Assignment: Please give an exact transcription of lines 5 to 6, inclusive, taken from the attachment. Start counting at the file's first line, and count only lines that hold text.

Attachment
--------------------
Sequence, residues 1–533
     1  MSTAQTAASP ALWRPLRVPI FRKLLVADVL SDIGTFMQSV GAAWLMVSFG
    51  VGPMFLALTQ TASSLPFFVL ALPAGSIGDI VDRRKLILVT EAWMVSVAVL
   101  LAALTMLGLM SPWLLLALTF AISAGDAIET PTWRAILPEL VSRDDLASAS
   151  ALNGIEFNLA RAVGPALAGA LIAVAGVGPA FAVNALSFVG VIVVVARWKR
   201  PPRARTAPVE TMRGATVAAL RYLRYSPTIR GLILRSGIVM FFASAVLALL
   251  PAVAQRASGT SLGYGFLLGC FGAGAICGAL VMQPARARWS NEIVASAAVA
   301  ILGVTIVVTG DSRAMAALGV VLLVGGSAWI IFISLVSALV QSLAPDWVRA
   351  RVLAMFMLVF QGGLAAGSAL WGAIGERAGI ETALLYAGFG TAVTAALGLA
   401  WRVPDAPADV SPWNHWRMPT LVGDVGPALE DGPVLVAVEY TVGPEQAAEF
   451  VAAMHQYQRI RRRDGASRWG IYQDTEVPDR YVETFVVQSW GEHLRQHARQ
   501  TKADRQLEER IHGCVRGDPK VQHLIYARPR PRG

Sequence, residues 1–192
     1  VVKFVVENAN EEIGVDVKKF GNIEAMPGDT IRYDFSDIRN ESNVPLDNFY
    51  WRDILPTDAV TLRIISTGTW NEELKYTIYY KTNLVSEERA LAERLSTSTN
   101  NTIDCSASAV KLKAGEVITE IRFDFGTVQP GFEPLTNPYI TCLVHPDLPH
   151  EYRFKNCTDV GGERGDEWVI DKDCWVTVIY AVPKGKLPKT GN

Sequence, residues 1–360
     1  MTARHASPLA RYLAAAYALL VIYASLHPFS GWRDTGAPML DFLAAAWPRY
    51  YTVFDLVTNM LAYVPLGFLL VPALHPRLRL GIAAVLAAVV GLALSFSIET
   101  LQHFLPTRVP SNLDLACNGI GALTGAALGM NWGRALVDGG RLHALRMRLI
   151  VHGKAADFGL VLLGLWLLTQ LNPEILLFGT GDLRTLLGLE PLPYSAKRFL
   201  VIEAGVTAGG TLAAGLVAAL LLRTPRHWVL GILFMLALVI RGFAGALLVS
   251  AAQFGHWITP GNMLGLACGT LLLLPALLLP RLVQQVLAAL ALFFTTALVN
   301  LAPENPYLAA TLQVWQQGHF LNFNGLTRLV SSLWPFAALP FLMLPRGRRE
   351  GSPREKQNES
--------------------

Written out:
   151  ALNGIEFNLA RAVGPALAGA LIAVAGVGPA FAVNALSFVG VIVVVARWKR
   201  PPRARTAPVE TMRGATVAAL RYLRYSPTIR GLILRSGIVM FFASAVLALL